Seafood Safety Check

Ellen Preece wants to know if microcystins, liver-damaging toxins produced by algal blooms in freshwater lakes, accumulate in Puget Sound seafood. Thanks in part to a grant from the Natural Resource Conservation Endowment Fund and a number of other like-minded sources, she’s not the only one who will soon find out.

Ellen Preece
Ellen Preece prepares a mussel sample for
testing in the lab.
Photo by Megan Skinner, WSU

Preece, a doctoral student in the WSU School of the Environment (SoE), is helping the Washington Department of Health determine whether seafood accumulates enough microcystins to be a health concern for populations who rely on locally harvested seafood for food.

Microcystins are a group of amino acids produced by cyanobacteria (blue-green algae) that thrive in freshwater lakes with high water temperatures and excess nutrients such as nitrogen and phosphorous. The problems have been traced to sewage, fertilizer, detergent, and animal waste. Previously found only in freshwater lakes, microcystins are now showing up in saltwater.

Applying Lessons Learned

News that recent sea otter fatalities on the California coast have been attributed to microcystins coming from freshwater lakes alerted regional scientists to the possibility that the same toxins could show up in Puget Sound shellfish.

“The Washington Department of Health is very interested in understanding this potential exposure pathway,” said Joan Hardy, a toxicologist with the agency. Lakes in Kitsap and Pierce Counties are suspected contributors to the growing risk.

Recent immigrants (often from Asia) regularly depend on shellfish they harvest from the shores of Puget Sound as a protein source. A USGS Western Ecological Research Center study suggests that consuming saltwater shellfish harvested near river mouths could pose a risk to people because of the freshwater toxins.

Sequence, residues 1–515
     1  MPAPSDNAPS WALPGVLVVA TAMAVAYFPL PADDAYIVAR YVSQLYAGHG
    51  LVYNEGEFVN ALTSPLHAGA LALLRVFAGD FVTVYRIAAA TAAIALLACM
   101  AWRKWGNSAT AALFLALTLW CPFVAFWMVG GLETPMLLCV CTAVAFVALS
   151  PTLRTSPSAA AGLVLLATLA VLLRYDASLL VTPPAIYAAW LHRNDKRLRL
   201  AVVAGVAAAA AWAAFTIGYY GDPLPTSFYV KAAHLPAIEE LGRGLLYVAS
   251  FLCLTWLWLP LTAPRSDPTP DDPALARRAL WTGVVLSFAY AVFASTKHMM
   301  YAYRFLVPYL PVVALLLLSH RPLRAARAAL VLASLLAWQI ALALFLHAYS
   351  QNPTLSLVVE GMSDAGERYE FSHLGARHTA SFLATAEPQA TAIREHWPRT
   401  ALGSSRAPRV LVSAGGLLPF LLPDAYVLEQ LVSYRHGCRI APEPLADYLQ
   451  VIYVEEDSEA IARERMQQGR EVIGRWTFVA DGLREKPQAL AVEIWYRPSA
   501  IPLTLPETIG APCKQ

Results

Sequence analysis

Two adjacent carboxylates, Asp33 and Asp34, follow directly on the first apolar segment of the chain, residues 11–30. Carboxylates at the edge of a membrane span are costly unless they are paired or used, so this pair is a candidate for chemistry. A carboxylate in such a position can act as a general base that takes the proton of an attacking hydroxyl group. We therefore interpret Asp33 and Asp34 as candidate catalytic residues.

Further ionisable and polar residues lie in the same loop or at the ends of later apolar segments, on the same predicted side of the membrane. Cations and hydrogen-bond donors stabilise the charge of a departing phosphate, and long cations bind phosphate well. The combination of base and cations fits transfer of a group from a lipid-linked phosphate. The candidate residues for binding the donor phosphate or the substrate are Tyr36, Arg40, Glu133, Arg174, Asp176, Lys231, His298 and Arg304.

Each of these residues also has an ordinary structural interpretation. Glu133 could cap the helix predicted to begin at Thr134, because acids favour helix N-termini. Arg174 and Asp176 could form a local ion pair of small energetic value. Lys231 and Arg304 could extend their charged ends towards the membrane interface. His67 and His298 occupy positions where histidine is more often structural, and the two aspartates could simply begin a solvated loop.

Preece is also investigating microcystins on the Colville Indian Reservation, where tribal members fish for rainbow trout in lakes with poor water quality.

A Matter of Detection

A syringe poking the inside of a mussel.
Measuring contaminants in mussels.
Photo courtesy Pacific Northwest National Laboratory

Preece’s research focuses on refining methods for detecting microcystins in seafood. Using mussels collected from Puget Sound, she is developing protocols for a technique that can determine which variants of the microcystins are present at what concentrations. She is also developing standard methods for health agencies to use a more common, less expensive tool to screen for microcystins in fish and shellfish.

Both techniques provide information that is critical for assessing whether seafood poses a potential health risk. “We’re counting on Ellen’s interest in the analytical issues associated with this problem so that the Department of Health can give sound advice to the public,” Hardy said.

According to Preece, if a changing climate results in higher lake temperatures, we could see increases in these toxic algal blooms in freshwater lakes. Hardy agrees that climate change may be at play and that monitoring is warranted. “We’re really just beginning to look at climate change and whether it’s a factor in freshwater toxic algal blooms. We need to carefully monitor lakes over time to see if there is a trend in toxicity linked to changing temperatures or other environmental factors.”

Fuel for the Findings

Preece conducts her research in the limnology lab of Dr. Barry Moore in the WSU SoE. In addition to support from the Natural Resource Conservation Endowment Fund, she has also received an EPA STAR graduate fellowship. Other related partnerships are with the Washington Department of Ecology, departments of health in Kitsap and Pierce Counties, the King County Environmental Laboratory, and the Colville Confederated Tribes. Preece expects to complete her doctoral program in 2014.

– by Sylvia Kantor

The Natural Resource Conservation Endowment Fund was established by Jane P. Conrad and entrusted to Washington State University in 1982. The purpose is to provide seed money for domestic and international research and projects related to energy, conservation, small-scale agricultural concepts, community education, natural resources, and wildlife. Supported work is oriented toward practical application of theory to provide stakeholders with maximized opportunities to benefit.